The research team, which includes the University of New Mexico (UNM) College of Education and Human Sciences with the UNM Center for Participatory Research and our TRT partners, will provide a supportive implementation system to the CABs in the cultural-centering and implementation of their own FLP program. The long term goal is to build upon our expertise in CBPR informed by implementation science to strengthen a “culture-centered implementation model for tribal communities” for future studies on dissemination and for scale-up to tribes nationwide, as well as for wider applicability to other diverse underserved communities for reduced substance misuse and improved family/child health.

For more information, contact Dr. Lorenda Belone at: Ljoe@salud.unm.edu
Narrative Roots for Healthy Communities
Submitted By: Dr. Jaelyn deMaria, PhD

We are often confronted with false narratives about our communities, highlighting the negative symptoms of larger systemic problems. However, the narrative power shifts as individuals and communities construct our own visions of what health and justice look and feel like.

Multimedia storytelling is a vehicle for translating emotion through images and sound. It is a powerful tool to communicate and diversify the narrative landscape, from the ground up. The TREE Center supports innovative projects that provide space for communities in New Mexico to build our own narratives and envision healthy communities. The TREE Center supports multigenerational storytelling, using a health equity lens and is putting theory into action by including a digital storytelling component in the groundbreaking Equity ‘n Policy Institute. Working with the TREE Center Community Engagement and Development Core, five “Communities of Practice” will build their own narratives around the health policy changes they wish to see.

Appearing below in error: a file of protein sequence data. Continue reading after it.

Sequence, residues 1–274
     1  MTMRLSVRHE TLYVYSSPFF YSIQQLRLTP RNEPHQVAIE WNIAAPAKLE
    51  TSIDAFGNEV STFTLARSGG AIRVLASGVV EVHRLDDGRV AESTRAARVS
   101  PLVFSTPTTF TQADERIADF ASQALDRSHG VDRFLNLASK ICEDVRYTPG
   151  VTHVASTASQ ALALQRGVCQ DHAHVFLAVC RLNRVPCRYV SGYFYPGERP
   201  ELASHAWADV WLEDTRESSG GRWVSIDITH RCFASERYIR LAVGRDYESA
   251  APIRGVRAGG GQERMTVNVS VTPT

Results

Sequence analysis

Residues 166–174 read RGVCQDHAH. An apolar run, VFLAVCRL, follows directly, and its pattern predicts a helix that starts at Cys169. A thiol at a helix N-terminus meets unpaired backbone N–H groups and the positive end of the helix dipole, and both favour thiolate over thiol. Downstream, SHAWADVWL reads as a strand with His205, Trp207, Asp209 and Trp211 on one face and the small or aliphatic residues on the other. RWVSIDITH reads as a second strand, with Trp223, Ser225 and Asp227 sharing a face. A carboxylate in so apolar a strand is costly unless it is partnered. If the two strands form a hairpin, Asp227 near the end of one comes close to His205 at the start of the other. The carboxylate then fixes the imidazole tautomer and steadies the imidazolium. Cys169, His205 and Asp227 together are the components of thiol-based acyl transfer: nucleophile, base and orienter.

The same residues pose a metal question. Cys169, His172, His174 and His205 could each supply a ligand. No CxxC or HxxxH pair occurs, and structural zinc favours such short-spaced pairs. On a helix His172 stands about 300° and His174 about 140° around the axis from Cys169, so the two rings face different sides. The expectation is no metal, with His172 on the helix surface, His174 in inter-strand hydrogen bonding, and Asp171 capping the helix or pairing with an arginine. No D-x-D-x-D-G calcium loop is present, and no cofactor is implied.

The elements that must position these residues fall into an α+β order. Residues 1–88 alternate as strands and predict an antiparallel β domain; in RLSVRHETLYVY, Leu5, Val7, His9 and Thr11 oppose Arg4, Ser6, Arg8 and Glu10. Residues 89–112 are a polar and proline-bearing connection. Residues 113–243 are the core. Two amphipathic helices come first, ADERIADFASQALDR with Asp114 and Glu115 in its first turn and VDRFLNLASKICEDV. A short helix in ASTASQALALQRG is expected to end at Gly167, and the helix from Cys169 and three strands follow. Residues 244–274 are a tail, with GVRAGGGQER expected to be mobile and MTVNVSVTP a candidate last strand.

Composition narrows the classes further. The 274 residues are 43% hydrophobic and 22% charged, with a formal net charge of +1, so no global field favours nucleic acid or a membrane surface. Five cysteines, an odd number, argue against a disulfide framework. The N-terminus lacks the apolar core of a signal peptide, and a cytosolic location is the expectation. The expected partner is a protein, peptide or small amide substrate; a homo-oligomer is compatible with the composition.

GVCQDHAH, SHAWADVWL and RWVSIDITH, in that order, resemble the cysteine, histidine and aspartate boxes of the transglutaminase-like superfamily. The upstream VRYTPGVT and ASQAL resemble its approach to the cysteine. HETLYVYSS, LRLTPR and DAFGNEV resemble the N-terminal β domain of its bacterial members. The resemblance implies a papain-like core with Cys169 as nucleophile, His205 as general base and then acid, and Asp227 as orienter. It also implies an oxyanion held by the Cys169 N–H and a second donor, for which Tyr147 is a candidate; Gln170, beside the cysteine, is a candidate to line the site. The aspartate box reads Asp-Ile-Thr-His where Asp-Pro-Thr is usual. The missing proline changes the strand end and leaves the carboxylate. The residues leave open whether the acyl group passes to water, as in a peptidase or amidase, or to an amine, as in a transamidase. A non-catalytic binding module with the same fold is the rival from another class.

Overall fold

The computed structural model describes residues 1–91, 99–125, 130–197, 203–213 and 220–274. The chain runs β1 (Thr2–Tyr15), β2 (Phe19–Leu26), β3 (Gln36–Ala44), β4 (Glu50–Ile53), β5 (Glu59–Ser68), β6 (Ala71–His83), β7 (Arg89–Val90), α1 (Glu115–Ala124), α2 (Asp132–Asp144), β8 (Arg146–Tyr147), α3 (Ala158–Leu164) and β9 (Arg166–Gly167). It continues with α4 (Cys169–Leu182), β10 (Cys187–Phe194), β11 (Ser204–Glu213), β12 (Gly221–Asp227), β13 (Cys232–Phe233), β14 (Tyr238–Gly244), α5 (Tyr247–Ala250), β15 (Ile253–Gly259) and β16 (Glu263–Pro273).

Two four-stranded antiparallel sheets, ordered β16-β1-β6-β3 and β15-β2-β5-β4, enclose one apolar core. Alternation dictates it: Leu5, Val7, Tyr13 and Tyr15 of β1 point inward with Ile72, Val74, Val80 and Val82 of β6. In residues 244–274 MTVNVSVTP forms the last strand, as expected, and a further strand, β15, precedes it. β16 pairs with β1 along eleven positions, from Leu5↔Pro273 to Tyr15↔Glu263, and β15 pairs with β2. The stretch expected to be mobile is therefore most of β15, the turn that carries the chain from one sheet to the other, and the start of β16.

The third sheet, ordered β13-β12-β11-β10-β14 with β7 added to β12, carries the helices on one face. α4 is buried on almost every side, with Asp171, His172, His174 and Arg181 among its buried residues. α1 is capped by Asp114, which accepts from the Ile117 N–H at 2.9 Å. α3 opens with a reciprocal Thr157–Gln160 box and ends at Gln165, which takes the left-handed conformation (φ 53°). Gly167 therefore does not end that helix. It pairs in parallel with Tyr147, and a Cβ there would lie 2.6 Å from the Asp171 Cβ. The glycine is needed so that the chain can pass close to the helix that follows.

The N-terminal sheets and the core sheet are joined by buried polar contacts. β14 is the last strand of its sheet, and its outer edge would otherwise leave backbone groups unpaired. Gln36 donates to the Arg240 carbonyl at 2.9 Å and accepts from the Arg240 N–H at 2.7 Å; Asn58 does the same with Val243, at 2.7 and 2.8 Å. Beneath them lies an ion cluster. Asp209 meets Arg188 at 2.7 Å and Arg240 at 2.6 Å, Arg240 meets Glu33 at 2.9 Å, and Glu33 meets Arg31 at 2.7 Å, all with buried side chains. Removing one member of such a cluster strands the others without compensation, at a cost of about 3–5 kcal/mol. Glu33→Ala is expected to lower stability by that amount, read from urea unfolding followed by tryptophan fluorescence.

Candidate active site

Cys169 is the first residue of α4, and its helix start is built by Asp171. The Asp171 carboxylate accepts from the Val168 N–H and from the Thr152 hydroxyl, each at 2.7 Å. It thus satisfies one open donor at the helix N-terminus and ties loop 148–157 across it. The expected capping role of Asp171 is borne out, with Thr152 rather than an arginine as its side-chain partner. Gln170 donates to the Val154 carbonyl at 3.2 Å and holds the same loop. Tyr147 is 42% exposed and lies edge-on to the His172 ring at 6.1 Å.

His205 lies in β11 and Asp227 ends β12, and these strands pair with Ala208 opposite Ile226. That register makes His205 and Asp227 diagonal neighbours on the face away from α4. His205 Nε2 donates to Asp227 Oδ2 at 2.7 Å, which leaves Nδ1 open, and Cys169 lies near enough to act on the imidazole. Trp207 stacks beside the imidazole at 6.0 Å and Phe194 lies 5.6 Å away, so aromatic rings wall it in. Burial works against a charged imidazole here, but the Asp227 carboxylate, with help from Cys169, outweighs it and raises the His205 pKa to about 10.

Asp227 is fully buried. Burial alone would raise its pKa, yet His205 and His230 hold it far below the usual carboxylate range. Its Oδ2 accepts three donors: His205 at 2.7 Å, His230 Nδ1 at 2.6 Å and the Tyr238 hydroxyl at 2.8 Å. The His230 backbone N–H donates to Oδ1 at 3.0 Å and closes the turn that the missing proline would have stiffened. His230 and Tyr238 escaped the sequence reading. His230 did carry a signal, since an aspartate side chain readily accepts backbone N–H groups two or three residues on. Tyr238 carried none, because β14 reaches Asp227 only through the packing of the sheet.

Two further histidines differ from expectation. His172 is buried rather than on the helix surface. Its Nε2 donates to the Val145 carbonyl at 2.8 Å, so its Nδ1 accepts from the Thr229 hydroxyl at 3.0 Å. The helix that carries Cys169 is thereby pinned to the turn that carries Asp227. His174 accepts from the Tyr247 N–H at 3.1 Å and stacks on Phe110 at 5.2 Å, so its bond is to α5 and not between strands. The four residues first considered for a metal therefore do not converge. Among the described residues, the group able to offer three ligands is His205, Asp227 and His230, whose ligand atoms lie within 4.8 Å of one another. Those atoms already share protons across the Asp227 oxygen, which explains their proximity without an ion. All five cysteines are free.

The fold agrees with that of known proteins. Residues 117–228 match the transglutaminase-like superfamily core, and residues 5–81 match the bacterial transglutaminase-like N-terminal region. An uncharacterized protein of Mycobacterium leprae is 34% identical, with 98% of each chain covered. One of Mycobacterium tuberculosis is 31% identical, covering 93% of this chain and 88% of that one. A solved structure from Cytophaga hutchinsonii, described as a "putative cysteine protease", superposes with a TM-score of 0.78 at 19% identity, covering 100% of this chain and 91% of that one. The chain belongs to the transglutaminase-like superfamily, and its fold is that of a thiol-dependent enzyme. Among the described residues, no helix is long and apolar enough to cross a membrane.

The TREE Center also supports a digital storytelling project, “Digital Storytelling through Indigenous Art: A Community Model for Behavioral Health Action,” led by Dr. Jaelyn deMaria (PI) and Dr. Kee Straits (community PI), which aims to build a new digital narrative model with Native and Indigenous artists that confronts negative stereotypes by shifting media focus away from deficits to highlight the natural and inherent strengths that are present in our communities.